Another member of the public present, Jeffrey Yeh agreed that the project was moving too fast. The deadline for submitting proposals had been six weeks from when the RFP was issued, and Yeh maintained this was not enough. "A lot of people are interested in this project," he told the board, "but the whole process was rushed." He spoke of Hudson being "on the national stage," inspiring interest "all the way to California," but he said the deadline had been too quick for many developers to prepare proposals.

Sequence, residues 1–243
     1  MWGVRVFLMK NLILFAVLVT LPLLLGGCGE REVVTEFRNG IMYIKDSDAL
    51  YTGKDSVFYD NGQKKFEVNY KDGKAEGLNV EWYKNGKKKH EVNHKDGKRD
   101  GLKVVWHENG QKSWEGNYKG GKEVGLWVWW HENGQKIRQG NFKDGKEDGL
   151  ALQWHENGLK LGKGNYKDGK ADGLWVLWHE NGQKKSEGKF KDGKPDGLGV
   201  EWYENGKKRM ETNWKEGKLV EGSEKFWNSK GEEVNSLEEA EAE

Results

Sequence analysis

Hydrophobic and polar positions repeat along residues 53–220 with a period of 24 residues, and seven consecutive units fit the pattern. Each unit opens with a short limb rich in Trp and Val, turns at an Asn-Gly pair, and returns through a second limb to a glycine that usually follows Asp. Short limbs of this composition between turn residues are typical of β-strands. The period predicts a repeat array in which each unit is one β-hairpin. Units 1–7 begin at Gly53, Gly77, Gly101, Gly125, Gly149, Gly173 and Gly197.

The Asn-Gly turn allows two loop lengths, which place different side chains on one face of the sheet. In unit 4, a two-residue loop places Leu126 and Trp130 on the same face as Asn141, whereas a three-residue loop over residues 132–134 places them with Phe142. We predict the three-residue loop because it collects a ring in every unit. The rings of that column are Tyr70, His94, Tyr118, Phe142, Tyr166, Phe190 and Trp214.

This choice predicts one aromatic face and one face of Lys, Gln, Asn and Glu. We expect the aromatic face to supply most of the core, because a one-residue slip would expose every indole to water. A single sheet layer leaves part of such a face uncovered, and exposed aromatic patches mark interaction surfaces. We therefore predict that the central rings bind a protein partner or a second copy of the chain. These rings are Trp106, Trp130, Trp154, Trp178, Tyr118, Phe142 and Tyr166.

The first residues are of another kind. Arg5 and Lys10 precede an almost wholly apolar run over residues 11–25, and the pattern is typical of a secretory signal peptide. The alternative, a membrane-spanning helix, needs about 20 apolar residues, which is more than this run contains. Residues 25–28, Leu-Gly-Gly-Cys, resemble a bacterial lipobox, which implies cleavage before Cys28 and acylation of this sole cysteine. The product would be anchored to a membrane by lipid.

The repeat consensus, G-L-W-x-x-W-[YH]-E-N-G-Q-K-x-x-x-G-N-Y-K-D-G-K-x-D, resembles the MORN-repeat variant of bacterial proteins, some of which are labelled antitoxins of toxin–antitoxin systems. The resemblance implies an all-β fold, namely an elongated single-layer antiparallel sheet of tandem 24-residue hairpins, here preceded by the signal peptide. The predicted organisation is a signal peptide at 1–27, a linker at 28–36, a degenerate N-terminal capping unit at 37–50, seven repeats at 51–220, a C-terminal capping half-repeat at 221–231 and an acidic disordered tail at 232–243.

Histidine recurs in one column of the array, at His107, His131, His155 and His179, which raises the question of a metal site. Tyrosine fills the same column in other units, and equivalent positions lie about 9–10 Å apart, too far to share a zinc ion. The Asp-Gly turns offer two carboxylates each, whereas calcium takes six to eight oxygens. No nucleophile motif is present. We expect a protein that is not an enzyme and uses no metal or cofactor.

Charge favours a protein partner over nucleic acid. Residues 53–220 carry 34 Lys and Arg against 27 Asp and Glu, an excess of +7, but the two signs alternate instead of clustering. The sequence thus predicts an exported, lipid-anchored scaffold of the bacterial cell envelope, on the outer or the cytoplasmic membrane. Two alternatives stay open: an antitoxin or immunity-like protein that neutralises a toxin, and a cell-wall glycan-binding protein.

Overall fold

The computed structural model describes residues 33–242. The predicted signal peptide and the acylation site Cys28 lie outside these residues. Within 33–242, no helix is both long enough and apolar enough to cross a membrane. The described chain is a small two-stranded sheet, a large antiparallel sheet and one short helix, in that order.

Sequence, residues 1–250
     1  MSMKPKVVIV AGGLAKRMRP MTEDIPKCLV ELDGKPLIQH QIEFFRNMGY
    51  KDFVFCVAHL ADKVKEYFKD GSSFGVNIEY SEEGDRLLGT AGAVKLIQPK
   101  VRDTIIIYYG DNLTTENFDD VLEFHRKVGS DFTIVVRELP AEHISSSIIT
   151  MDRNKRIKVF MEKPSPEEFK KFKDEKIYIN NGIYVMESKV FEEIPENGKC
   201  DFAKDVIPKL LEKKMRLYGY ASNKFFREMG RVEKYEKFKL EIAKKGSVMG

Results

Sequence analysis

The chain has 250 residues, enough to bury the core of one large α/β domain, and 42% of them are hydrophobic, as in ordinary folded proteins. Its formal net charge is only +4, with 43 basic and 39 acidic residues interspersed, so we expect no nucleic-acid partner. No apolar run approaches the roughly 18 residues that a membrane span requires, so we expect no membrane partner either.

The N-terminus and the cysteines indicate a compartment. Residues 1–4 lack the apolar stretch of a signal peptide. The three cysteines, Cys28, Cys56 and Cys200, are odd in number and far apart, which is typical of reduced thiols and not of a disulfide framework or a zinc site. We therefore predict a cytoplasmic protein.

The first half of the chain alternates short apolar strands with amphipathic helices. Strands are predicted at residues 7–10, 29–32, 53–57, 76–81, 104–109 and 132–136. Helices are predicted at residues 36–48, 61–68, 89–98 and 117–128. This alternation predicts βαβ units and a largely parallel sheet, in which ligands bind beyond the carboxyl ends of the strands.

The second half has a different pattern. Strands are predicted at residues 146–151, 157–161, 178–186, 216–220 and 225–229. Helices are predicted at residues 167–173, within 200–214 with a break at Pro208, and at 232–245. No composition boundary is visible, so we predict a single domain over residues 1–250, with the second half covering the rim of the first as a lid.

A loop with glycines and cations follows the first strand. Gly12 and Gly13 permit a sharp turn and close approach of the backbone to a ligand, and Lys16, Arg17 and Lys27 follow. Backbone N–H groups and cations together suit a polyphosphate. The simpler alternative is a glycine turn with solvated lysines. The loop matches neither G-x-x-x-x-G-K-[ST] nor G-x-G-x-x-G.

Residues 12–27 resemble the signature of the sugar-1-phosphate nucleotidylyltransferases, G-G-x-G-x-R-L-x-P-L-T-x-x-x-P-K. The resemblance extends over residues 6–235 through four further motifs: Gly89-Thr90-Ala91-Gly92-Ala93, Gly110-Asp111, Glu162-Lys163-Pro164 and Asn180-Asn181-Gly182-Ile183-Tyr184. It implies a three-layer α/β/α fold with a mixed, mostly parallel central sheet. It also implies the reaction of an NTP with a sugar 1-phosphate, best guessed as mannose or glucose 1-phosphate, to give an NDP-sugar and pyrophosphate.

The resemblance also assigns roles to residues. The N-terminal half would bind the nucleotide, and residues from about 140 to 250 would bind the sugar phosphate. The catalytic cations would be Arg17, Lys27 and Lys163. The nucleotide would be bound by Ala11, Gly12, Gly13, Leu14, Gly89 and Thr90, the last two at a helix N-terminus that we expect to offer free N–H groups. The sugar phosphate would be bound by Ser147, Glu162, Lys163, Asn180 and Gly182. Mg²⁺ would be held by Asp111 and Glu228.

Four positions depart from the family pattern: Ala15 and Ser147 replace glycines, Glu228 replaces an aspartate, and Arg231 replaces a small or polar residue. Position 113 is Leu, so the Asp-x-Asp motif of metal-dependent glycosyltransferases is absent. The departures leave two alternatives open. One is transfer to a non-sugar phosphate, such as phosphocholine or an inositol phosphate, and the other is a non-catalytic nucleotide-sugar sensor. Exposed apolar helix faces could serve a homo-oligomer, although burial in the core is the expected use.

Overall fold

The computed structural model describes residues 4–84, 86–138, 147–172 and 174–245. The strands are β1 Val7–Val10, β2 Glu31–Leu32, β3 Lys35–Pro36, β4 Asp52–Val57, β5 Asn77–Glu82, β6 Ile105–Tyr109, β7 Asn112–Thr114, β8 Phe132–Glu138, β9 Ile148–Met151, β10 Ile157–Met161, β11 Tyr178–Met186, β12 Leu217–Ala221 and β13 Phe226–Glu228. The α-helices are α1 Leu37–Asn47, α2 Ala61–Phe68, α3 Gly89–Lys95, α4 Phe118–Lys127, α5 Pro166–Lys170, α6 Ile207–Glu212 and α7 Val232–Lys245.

In the face of this criticism, the board initially seemed genuinely speechless. Responding to Yeh's claim that interested developers didn't enough time to prepare proposals, Salvino and board member Don Moore told Yeh that no one had contacted HDC asking that the deadline be extended. Reacting to Auf der Maur's complaint that the Kaz redevelopment project was going forward without being informed by input from the DRI process, Moore asserted "the amount of integration between the DRI and Kaz is remarkable." He assured Auf der Maur that the developers were aware of need to integrate the new development into the larger context of the city and told her, "The proposals are not cookie cutters." HDC board member Seth Rapport, who was also a member of the DRI Local Planning Committee, told Auf der Maur that at the special meeting the developers were "quizzed on DRI issues" by the board. John Gilstrap, who is now president of the HDC board, expressed surprise that anyone from California would be interested in the project "because of the economics."